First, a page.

Our minds are very complex. Thoughts come and go, reminding us of tasks to be done, what we would rather be doing, and past events that we still have echoing and replaying in our thoughts. In earlier times, sensory input into the mind happened at a slower, much lower level, our minds learned to function well in this past environment. But today, our surroundings are much more complicated, the mind can adapt to this push to be more multi-tasking, but there is no push for it to learn to slow down. Thus, once becoming used to the accelerated pace, sometimes it does not want to slow down, or is never exercised or trained in the discipline of becoming quieter. Having a racing mind, or errant thoughts constantly visiting us, sometimes can detract from our enjoying the moment, or falling sleeping easily.

Mindfulness is an ancient practice. It can take different forms, but all lead to disciplining the mind. Some practices focus on the sensory, some focus on doing actions with deliberateness, and some focus on clearing the mind of errant, racing thoughts. As odd as it may sound, it is practicing a moment where you do nothing at all. And, as humans are greatly affected by thoughts, feelings, moods, and worries, this allows one to enjoy the environment of the calm, tranquil mind.

Why Mindfulness?

Okay, today in the grocery store you saw the angel food cake with strawberry frosting, decided you needed a treat, and put it in your shopping cart. Then, four aisles further, you decide to put it back. What did all this? Thoughts. Thoughts come, thoughts go. Whether we act on them is the question. This happens with over-eating, drinking, worry, anxiety, depression, you name it. We are slaves to our thoughts, until we finally learn what the ancients knew long before us: recognize what is going on in your mind, and you've won half the battle.

Our minds, brains, if you will, are like amazing, high-performance exotic sports cars. We are given the most intricate piece of created architecture, and how do we drive it? We speed it up with coffee, slow it down with sleeping pills, and relax it with alcohol and eating. When the mind spins out of control in an attention dividing high tech world, possibly this accounts for the sudden, rapid rise in Attention Deficit Disorder in all groups; adults, children, men, and women, more likely environmental than genetic. We need to take the time to work with our minds in a way more central to the way it operates. We need to understand depression can stem from living in the past, anxiety can result from living in the future, and a great many thought dysfunctions can stem from mindlessly taking every thought that pops into our brains as having to act upon. We deny ourselves truly living in the actual, wonderful, logical, healthy present.

Concepts to keep in mind before beginning

It's important to really absorb key concepts in mindfulness.

The single most prominent concept is that: our minds notice things at varying degrees. When we eat, we could be talking to someone, barely noticing taste. When we drive, keeping the car in the lane is largely ignored, left to trained instinct. We can even be looking directly at something, and barely notice it. This is an exercise in letting what we notice sink deeper, and fuller into our consciousness. We want our main thinking conscious, to tap the other areas of our brain, thinking about bills, food, or the previous workday, and to say to the areas: -Forget that, look at the candle with me!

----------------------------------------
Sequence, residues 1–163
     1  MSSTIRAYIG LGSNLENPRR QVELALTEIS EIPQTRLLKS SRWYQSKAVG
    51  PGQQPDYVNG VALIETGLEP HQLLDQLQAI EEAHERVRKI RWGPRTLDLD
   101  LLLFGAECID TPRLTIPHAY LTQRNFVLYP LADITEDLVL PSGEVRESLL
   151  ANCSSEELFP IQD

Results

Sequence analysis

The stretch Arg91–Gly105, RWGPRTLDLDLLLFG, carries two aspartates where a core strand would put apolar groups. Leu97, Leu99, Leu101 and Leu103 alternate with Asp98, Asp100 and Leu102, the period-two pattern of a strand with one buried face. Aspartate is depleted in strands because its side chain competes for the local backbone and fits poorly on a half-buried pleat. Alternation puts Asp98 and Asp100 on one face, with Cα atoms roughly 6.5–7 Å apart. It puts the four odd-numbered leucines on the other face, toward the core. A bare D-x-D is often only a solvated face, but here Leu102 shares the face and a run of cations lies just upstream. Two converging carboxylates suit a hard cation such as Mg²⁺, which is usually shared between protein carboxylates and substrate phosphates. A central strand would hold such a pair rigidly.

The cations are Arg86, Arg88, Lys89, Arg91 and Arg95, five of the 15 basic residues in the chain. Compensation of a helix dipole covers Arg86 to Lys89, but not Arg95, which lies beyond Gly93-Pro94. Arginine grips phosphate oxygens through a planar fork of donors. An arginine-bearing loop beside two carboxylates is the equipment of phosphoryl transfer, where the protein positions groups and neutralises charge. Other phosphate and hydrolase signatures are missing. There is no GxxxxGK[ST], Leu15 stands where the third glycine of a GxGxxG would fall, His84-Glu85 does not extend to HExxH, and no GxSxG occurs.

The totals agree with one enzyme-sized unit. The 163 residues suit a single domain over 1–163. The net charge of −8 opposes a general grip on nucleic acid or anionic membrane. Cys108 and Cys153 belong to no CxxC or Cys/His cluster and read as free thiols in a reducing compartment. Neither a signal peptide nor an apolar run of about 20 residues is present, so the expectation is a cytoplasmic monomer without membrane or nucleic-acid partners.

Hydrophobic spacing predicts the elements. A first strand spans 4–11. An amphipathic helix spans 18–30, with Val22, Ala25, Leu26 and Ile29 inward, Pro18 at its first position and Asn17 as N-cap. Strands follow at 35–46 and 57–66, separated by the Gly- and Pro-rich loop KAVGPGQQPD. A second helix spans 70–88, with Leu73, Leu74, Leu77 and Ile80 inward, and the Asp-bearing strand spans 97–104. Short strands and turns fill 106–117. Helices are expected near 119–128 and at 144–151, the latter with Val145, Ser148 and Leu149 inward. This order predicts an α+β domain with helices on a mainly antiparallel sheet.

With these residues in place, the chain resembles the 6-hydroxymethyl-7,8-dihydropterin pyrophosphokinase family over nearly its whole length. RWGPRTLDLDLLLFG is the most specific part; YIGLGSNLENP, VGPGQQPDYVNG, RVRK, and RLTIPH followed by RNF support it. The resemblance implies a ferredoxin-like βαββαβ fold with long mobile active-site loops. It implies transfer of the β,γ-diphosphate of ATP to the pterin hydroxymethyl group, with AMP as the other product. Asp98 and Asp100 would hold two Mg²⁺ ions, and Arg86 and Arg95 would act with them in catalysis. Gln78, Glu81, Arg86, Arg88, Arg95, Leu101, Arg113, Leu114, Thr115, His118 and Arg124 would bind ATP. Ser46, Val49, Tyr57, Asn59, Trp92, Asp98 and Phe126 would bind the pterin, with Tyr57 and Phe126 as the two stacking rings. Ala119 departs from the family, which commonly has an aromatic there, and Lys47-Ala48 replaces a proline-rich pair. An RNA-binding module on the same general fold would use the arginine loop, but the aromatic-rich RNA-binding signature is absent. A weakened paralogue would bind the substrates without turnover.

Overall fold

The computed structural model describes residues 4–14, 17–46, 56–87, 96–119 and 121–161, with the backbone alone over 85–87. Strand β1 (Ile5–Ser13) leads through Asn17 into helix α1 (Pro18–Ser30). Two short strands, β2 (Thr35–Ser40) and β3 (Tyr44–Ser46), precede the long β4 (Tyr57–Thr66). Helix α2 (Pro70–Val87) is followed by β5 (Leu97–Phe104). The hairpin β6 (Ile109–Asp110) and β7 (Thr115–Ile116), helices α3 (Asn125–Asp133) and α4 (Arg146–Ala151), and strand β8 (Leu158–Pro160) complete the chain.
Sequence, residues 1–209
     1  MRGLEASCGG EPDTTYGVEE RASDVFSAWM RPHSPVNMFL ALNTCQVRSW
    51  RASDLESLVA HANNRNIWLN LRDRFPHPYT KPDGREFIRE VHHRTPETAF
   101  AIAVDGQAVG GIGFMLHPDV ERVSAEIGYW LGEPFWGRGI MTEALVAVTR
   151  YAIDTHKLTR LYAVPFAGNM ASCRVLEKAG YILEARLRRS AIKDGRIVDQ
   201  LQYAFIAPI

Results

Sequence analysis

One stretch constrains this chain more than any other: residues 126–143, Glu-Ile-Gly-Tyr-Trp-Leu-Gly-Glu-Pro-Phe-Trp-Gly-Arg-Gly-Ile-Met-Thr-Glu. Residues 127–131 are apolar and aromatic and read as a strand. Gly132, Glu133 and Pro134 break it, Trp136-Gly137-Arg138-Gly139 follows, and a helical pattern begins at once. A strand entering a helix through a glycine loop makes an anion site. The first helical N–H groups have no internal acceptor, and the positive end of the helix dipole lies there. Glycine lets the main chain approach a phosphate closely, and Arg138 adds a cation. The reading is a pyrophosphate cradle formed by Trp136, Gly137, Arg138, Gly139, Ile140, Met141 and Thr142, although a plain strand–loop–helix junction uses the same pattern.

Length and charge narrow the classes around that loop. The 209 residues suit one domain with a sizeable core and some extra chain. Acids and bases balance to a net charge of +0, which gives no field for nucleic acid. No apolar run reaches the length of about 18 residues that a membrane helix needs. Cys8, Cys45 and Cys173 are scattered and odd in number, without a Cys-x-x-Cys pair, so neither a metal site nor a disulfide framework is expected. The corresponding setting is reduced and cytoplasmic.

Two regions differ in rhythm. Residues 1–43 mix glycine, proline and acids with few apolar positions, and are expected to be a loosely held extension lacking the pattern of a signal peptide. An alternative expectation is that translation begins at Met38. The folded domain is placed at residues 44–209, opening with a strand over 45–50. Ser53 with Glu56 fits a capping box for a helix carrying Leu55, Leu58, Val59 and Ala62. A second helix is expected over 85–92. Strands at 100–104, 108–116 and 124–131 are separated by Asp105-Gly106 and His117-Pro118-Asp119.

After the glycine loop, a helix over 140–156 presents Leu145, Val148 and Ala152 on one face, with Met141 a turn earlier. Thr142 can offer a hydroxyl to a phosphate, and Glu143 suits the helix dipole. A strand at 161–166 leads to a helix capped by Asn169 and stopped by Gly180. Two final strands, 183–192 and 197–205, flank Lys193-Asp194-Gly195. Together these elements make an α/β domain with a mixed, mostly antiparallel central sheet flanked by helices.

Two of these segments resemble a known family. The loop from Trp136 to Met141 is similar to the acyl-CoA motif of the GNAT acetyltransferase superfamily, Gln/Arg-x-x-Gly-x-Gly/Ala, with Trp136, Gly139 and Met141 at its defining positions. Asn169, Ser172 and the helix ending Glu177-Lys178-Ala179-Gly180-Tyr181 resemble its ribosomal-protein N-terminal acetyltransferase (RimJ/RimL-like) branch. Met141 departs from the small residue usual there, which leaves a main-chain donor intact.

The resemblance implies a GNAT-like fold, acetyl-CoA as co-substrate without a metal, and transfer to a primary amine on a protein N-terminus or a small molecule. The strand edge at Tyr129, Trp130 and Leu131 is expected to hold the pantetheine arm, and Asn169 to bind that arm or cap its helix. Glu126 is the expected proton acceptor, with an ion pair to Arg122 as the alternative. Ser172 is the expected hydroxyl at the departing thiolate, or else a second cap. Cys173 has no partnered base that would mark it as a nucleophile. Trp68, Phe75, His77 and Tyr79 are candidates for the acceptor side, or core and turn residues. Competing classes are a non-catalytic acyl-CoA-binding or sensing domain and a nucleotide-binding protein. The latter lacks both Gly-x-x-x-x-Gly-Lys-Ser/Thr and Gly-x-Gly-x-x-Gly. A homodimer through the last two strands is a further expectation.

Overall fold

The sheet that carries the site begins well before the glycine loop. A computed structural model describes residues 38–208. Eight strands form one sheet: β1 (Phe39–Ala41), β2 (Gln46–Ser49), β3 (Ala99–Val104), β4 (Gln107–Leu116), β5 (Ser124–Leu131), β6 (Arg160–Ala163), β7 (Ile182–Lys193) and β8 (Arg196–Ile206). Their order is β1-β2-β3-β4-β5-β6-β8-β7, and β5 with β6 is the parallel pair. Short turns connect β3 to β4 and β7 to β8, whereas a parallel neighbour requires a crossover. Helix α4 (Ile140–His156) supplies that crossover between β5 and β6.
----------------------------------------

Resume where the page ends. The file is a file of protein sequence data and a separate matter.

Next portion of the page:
Another concept is: subconscious trigger / correcting. A key is to train the mind to expect to be reminded. Like a chirping smoke alarm, our minds can learn to expect stimuli and respond accordingly. This is very parallel to our parents telling us to sit up straight. It becomes ingrained, a subconscious trigger to do better. So urge the mind to want to do well, that it is good to refocus on the flame before being told to do so. This aids the entire process.

A third concept is the idea of how we naturally nourish thoughts in our minds. When they appear from the subconscious, we feed them with worry, we start trying to problem solve, but we play on them, feeding them. It's important to understand that the thought will fade if left alone. The subconscious is used to getting your goat, that's its job. But, it can take it too far, causing worry, anxiety, depression, thoughts of eating, or even enticement to drink alcohol. If you don't latch on to the current thought it gives you, it'll pop out another like a gumball machine. This is what you are up against, quieting this process, learning that you can truly enjoy the moment, quieting distracting thoughts.

Getting Started

The type of Mindfulness outlined in this guide is the 'Warrior Meditation'. It is practiced, achieved, by focusing on a candle. Fire, being an early ancient night time attention holder, is an easy item to focus on for extended periods of time. While focusing solely on the candle in front of you, three stages in ability to focus are pursued. They are listed on page two, following this introduction. To accomplish this exercise, the person is to place a candle in front of them, be seated comfortably, be free of distraction, and allow themselves anywhere from 5 minutes, to one hour to practice this technique.

It needs to be understood that, as simple as the technique seems, it actually takes time and practice to achieve. And once achieved, the student needs to refresh and practice the skill to retain this ability. But once learned, mindfulness is hugely rewarding. It can replace pharmaceutical sleep aides, it can lower ambient anxiety and worry, and it can allow one to enjoy memorable moments in time, rather than them being cluttered and sidetracked by the errant thoughts of an undisciplined consciousness.

Know that in the candle exercise, it is good to have some sort of reminder; a trainer, a bell, a chime, some sort of timed indicator that may alert you about every five minutes to re-focus on the candle. As at first, the mind will wander away from the candle, and keeps its attention away, after mere seconds if not reminded to return. This “reminding to return” element is necessary to instill discipline, as soon the mind will expect to be confronted for its wandering.